Here's the Lifehacker summary:
Those of us who watched television or reruns in the 1970s, 80s, or 90s probably are all familiar with the "Laverne & Shirley" show's theme song:
But what on earth does it mean?
Maybe the definitions will help:
Schlemazel: n, a very unlucky or inept person who fails at everything (Yiddish)
Hasenpfefffer: n, a highly seasoned stew made out of marinated rabbit meat (German)
Maybe the only ones who would try to start a rabbit stew company would be a couple of inept people?
Actually, the first two lines of the theme song are said to be from a Yiddish-American children's hopscotch chant. As we know from our childhood playground chants (One, Two, Buckle My Shoe, et al.), sometimes they are just nonsense. This one in particular, though, is reported to be one that Penny Marshall (who played Laverne) used to chant on her walk to school as a kid.
That's my best answer. :) At the very least we learned what the meaning of the words are!
Happy Flag Day everyone!
Why do we set aside an entire day just for the American flag?
On June 14th of 1777, in Philadelphia, the Continental Congress passed a resolution specifying that the flag carry 13 stripes and 13 stars. The colors would represent hardiness and valor (red), purity and innocence (white), and vigilance, perseverance and justice (blue).The concept of a specific day to annually recognize the American Flag came 108 years later. In 1885, a Fredonia, Wisconsin schoolteacher, B.J. Cigrand, arranged for the students in his school district to observe the resolution on June 14th as ‘Flag Birthday’. In 1889, George Balch, a kindergarten teacher in New York City, planned similar festivities for his school’s students. In 1893, Philadelphia became the first city to celebrate Flag Day, and in the following year, New York was the first state to observe it. After decades of expanding community observances, President Woodrow Wilson established Flag Day on May 30, 1916.Still many communities did not celebrate Flag Day. It wasn’t until 1949, when President Harry Truman signed into an Act of Congress that National Flag Day be observed every June 14th. The Unites States Flag Code, as adopted by Congress, states “The flag represents a living country and is itself considered a living thing.” This is why we should give the flag our full respect.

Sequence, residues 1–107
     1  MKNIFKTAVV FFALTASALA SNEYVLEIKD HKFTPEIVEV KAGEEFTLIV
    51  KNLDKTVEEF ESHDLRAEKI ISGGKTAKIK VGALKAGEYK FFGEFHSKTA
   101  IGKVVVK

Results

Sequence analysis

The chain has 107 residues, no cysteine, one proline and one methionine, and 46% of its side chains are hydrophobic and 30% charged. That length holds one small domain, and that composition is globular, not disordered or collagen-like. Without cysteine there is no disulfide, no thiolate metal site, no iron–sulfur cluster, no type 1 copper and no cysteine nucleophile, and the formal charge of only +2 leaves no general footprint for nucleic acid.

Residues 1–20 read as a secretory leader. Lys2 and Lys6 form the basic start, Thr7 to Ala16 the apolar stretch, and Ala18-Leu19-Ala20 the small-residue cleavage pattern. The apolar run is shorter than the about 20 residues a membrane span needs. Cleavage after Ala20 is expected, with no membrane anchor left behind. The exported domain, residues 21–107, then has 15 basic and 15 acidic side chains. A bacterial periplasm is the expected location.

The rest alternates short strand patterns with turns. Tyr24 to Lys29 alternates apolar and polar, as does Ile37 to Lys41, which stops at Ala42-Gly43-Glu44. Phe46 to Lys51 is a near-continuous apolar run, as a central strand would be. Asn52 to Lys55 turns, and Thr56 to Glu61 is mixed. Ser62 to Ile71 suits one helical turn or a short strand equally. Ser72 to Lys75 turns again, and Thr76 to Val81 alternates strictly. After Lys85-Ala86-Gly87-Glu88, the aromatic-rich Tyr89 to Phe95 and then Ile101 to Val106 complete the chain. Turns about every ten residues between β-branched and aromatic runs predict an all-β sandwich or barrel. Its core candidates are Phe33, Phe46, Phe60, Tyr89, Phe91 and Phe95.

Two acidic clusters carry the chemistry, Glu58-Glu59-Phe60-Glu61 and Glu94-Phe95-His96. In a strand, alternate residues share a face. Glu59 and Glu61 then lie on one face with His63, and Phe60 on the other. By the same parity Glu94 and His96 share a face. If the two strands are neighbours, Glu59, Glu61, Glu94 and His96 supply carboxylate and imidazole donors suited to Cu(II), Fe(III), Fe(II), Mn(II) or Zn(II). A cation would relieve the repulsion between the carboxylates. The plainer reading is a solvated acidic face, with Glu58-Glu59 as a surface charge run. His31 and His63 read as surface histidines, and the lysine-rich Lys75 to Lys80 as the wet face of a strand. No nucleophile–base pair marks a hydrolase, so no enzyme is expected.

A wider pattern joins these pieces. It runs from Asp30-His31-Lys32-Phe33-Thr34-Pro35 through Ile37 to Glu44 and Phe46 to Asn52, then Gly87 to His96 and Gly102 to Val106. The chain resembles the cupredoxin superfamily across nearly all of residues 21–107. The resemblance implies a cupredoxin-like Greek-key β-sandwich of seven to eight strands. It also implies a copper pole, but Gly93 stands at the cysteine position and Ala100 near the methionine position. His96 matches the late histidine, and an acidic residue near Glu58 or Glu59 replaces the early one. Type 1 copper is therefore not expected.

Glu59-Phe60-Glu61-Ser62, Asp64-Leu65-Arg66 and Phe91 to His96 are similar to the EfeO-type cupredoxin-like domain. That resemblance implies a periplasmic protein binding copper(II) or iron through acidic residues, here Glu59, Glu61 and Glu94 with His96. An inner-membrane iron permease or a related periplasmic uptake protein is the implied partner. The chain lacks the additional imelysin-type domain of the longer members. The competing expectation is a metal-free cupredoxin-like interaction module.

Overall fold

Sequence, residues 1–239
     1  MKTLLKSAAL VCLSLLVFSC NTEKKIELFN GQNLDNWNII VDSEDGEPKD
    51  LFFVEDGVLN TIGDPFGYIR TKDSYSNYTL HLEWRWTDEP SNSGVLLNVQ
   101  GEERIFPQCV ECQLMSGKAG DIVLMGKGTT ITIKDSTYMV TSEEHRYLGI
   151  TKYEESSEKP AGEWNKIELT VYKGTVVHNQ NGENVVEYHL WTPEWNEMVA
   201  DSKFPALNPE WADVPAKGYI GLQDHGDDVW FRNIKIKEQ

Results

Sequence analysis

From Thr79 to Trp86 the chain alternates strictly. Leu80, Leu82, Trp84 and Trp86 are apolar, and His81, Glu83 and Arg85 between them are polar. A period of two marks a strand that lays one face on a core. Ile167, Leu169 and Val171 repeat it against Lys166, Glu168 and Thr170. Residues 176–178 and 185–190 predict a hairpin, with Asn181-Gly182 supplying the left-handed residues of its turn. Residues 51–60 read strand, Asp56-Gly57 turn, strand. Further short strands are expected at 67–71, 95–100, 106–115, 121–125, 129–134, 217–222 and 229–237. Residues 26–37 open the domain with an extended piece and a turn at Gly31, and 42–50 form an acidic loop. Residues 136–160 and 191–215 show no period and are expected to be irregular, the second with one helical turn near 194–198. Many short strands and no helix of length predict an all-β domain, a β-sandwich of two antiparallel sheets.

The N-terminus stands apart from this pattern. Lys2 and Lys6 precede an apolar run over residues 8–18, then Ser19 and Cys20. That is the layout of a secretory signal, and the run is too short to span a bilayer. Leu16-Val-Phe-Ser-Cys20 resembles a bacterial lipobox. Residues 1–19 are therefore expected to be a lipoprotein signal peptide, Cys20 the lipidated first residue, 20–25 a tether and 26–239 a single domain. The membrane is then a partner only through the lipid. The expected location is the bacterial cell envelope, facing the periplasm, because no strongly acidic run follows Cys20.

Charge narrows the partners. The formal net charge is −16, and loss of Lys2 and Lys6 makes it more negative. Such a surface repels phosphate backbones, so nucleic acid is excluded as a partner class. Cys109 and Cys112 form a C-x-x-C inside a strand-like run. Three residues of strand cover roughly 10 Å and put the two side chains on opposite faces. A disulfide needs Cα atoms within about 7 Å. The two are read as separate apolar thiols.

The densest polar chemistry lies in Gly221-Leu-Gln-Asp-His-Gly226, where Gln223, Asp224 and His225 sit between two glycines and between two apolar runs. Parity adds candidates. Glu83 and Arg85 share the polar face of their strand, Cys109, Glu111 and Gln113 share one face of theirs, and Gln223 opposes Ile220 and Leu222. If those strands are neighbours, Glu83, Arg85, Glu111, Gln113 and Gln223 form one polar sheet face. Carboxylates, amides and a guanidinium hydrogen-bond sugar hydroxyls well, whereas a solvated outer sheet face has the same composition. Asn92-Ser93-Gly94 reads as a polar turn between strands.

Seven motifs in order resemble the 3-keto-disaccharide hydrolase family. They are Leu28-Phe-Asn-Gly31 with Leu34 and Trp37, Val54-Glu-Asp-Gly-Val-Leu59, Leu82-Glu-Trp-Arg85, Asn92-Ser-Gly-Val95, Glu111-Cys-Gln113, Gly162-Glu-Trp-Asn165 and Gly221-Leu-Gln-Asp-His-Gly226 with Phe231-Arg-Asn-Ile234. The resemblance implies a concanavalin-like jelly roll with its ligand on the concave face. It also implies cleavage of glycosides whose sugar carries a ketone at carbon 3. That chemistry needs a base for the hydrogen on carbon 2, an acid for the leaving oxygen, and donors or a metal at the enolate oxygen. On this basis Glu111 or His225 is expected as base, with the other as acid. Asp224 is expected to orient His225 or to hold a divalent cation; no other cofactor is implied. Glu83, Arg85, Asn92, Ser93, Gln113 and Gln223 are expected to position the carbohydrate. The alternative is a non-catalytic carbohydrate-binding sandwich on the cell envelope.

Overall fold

Wow. That's intense! Plus, look at the power of a schoolteacher! It's a good thing to keep in mind; maybe one of your classroom traditions will birth a new American holiday someday?
Happy Birthday? :)